Internationally there is an increasing demand for managers who have strategic training and international experience in procurement. As a result, the Advanced Diploma in International Procurement and Supply (ADIPS) has been developed and is recognized by all national professional purchasing associations in Europe. The International Master in Strategic Purchasing and Supply Chain Management was built on the ADIPS standards. For 2001-2002 a new concept has been added – three Masterclass sessions at Centres of Excellence linked to the Universities of Bath, Grenoble and Stuttgart and four clustered sessions in Belgium. The courses are given in English. For information see www.bevib.be/VIB/index.html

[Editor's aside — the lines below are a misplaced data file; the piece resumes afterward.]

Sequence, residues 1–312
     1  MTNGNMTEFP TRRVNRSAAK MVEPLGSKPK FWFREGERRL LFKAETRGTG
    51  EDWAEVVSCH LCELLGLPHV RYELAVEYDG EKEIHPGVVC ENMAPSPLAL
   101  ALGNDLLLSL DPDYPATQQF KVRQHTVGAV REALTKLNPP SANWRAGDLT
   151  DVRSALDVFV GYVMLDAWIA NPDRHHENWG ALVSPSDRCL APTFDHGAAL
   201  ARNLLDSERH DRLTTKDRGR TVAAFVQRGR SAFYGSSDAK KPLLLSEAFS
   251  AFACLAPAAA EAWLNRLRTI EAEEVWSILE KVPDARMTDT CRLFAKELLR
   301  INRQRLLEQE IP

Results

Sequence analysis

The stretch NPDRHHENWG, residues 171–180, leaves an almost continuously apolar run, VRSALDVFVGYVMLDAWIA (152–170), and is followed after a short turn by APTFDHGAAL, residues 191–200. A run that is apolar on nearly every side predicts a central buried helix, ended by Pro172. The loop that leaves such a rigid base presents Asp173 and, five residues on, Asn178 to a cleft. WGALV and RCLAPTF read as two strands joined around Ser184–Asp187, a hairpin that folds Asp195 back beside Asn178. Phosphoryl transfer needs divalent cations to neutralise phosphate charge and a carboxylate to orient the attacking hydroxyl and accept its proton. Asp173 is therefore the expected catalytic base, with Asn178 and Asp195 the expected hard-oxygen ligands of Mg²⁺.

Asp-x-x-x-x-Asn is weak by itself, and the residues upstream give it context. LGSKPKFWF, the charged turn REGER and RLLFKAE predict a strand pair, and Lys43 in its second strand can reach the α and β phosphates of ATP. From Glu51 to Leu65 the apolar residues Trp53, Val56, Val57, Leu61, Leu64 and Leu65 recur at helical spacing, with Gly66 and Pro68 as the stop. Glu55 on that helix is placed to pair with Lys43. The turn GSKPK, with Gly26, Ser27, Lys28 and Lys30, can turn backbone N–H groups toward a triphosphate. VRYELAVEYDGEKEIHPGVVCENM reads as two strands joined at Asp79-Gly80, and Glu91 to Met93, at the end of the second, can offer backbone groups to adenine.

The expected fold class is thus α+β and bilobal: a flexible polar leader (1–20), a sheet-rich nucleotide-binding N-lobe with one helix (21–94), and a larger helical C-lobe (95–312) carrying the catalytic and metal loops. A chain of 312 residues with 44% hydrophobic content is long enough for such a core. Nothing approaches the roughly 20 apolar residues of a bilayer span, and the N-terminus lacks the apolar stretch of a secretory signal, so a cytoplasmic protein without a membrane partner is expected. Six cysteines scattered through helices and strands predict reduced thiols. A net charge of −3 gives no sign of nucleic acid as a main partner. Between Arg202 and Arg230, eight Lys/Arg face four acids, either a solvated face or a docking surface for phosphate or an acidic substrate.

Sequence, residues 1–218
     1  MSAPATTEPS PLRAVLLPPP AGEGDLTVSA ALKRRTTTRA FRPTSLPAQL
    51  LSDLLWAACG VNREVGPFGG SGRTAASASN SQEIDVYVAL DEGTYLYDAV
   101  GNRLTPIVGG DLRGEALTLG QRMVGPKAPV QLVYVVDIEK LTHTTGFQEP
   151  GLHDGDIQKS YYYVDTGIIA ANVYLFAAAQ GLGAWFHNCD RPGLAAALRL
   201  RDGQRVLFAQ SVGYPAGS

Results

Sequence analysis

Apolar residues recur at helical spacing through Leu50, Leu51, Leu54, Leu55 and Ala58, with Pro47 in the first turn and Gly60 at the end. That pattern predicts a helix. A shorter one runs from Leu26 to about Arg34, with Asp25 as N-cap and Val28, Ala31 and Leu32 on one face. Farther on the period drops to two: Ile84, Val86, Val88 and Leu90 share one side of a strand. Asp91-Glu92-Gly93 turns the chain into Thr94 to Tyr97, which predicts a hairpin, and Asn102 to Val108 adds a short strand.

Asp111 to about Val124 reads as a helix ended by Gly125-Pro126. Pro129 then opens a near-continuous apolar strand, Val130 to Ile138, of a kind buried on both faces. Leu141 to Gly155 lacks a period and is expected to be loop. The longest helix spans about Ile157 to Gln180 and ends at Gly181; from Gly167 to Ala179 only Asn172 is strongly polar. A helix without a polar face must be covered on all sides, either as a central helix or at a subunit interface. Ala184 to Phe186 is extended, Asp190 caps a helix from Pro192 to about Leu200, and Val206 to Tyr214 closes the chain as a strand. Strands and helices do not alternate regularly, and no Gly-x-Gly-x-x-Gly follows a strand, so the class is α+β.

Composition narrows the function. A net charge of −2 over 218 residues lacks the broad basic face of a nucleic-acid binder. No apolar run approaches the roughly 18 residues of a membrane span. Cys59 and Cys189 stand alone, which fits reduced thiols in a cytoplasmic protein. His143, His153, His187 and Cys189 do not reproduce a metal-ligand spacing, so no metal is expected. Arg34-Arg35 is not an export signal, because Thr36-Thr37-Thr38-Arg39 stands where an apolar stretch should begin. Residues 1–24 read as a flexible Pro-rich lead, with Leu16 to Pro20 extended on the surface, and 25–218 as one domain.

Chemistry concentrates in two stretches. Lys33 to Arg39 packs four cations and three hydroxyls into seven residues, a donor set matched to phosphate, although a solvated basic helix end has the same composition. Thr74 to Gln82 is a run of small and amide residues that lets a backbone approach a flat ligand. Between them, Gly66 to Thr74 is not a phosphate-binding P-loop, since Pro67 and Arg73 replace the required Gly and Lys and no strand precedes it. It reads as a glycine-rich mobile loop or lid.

Cyberworld copyright protection

Support for stronger copyright protection resulted, this past summer, in a copyright reform proposal being introduced that envisaged a notice-and-takedown system where the ISP provider could remove content. The Canadian Association of Internet Providers, the Canadian Chamber of Commerce and other organizations called instead for a notice-notice-and-takedown system that would involve a court decision before removing content. As well, the ratification by the federal government of the Convention on Cybercrime treaty should help – not only in the battle against hacking, denial of service and fraud – but because Article 10 of the treaty requires that a range of criminal offences be adopted to deal specifically with copyright infringement. For more information: www.globetechnology.com

Partners in Digital Heroes